Spider-Man for the PlayStation 4 is more proof that Sony’s console is the system to beat, if for no other reason than the sheer quantity of amazing, exclusive titles you can’t play anywhere else.
It’s more than a little amazing to see a game as good as Spider-Man release just a few months after the incredible God Of War reboot.That game has already become a critical and financial success, wowing critics and gamers alike with its new surprisingly fresh take on Kratos’s story and gameplay.
Now we have Spider-Man from Insomniac Games (Ratchet & Clank, Sunset Overdrive) and get ready to be wowed all over again. In this review I’ll talk about the gameplay, graphics and the quality of the story itself without spoiling anything important from the story. I’ll have a more detailed look at the narrative elements after the game has launched.
Let’s start off by making the inevitable comparison.
Spider-Man’s Arkham Style
Marvel’s Spider-Man and DC’s Batman share much in common. They’re both denizens of a fictional New York City (aka Gotham in Batman’s universe.) They both wear masks and use high-tech gadgets to take down enemies. And (usually) they’re both non-lethal superheroes, preferring to incapacitate their enemies rather than kill them.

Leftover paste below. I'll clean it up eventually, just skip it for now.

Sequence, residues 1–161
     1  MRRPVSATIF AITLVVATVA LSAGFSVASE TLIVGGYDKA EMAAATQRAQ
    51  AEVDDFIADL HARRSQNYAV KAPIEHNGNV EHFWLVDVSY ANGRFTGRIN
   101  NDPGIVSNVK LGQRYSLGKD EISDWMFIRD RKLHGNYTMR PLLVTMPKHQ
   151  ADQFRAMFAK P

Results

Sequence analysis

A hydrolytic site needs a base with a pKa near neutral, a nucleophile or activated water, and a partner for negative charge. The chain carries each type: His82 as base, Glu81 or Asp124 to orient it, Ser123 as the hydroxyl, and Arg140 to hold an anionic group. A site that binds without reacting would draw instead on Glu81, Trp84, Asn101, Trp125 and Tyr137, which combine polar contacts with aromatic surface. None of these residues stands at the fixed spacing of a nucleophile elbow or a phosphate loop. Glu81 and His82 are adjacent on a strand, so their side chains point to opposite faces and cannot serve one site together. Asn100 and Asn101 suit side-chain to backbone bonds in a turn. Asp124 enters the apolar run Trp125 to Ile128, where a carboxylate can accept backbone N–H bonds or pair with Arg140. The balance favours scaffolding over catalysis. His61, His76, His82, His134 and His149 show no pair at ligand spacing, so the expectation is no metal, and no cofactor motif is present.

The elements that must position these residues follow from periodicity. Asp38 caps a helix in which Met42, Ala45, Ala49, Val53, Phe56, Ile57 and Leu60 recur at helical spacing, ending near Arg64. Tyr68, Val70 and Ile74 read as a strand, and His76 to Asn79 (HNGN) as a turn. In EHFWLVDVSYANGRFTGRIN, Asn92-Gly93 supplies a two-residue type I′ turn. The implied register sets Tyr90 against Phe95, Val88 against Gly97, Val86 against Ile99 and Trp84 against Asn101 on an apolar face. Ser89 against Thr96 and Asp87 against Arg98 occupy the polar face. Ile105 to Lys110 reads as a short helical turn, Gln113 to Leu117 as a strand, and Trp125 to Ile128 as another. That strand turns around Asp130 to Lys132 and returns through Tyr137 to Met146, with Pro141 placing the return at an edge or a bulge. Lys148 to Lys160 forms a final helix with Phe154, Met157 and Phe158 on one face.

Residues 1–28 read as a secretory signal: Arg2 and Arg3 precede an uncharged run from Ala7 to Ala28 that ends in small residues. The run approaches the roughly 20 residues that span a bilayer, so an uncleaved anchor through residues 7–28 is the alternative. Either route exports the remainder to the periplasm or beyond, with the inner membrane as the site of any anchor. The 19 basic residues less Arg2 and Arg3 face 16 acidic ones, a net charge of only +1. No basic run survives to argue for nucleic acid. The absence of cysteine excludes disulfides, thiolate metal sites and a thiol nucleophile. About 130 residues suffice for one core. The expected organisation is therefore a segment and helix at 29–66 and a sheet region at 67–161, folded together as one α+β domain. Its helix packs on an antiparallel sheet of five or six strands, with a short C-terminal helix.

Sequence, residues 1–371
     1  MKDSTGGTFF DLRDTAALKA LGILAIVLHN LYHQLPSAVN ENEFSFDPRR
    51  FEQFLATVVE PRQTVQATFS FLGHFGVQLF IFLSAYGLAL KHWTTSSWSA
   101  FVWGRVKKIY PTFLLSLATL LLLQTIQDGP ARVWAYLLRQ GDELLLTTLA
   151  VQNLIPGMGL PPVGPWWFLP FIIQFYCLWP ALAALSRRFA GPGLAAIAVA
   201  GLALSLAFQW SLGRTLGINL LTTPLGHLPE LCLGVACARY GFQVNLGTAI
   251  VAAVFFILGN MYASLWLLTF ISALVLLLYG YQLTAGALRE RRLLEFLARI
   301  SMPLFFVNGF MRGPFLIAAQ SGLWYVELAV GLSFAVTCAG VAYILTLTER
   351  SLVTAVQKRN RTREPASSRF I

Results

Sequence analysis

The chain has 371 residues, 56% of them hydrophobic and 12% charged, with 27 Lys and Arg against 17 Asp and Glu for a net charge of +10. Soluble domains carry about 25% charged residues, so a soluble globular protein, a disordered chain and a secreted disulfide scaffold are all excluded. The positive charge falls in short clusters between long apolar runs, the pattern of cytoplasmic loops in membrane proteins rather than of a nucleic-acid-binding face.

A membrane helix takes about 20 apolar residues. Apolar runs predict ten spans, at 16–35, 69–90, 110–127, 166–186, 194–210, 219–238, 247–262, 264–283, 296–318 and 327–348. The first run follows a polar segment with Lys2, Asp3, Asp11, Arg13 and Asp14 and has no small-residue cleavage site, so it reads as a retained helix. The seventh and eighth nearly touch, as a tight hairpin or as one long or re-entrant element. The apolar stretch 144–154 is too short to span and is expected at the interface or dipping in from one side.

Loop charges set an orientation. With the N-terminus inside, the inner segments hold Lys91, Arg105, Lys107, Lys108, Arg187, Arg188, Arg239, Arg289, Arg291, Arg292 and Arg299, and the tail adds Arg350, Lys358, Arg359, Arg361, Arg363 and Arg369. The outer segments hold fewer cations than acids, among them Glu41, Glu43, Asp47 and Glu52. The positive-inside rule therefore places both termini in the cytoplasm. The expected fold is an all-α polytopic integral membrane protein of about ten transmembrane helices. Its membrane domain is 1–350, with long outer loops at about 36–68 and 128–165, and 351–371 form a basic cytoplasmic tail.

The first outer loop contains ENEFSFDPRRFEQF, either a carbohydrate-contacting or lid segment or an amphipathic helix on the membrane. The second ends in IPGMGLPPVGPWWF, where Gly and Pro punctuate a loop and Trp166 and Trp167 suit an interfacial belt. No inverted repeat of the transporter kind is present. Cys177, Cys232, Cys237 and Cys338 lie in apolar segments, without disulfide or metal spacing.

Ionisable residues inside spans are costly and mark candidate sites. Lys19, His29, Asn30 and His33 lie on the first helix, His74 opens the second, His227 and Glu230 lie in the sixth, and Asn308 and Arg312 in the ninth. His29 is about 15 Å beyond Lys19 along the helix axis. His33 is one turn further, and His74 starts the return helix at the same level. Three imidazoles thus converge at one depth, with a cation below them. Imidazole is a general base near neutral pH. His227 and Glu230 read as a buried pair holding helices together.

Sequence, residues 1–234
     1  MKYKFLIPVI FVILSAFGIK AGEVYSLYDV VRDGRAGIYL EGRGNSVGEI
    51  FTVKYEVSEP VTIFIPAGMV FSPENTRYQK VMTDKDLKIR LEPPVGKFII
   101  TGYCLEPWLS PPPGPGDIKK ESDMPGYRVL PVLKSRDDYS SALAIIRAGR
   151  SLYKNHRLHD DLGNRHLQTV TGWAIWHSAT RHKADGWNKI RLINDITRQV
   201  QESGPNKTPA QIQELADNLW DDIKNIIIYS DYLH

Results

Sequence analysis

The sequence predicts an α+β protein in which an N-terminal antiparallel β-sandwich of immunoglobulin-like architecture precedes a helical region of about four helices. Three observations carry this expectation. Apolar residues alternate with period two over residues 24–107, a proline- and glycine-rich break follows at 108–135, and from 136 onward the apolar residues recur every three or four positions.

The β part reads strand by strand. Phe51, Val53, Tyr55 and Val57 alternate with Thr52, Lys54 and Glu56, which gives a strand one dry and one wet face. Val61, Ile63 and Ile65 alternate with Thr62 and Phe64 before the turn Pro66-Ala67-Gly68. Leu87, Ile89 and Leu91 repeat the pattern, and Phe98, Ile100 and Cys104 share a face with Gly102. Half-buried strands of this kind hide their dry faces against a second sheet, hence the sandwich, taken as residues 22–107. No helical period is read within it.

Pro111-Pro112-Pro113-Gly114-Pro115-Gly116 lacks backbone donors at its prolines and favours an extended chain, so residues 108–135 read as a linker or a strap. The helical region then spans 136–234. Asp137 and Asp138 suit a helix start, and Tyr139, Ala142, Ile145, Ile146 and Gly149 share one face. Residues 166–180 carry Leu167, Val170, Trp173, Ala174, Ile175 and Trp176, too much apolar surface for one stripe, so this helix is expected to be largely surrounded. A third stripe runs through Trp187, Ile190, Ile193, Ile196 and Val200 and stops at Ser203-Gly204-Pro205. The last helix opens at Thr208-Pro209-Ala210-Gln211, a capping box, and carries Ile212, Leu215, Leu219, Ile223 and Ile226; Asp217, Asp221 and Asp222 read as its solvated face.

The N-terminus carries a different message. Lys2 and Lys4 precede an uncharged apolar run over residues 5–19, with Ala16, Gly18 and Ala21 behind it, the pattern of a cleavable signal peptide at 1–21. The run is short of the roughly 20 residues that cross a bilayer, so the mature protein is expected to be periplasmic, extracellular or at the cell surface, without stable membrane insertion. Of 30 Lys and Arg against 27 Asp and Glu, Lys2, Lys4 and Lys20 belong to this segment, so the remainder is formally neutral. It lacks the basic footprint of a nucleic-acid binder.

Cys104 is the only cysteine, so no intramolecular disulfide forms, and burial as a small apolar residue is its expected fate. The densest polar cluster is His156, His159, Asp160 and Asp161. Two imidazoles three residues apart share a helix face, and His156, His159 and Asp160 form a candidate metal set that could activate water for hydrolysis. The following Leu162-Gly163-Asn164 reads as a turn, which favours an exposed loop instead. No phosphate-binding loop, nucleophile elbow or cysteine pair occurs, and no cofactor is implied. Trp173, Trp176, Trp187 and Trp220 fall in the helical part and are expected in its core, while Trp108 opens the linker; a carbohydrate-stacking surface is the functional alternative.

They even have two remarkably similar games. For Batman it’s the Arkham trilogy which culminated in the big, open-world game Arkham Knight. Now Spider-Man has his very own open-world game, Spider-Man, and it shares plenty in common with the Arkham series while also surpassing it in many ways.
After all, Bruce Wayne and Peter Parker only share so much in common. The billionaire playboy and the friendly neighborhood superhero are both good guys, but they’re not the same kind of good guy.
There’s no denying that Spider-Man plays similarly to Arkham. You zip around NYC with webs instead of a flying cape, but you’re still navigating skyscrapers from on high rather than running around the ground. Fighting with webs and web-based gadgets is different, but still mechanically similar, to Batman’s array of toys.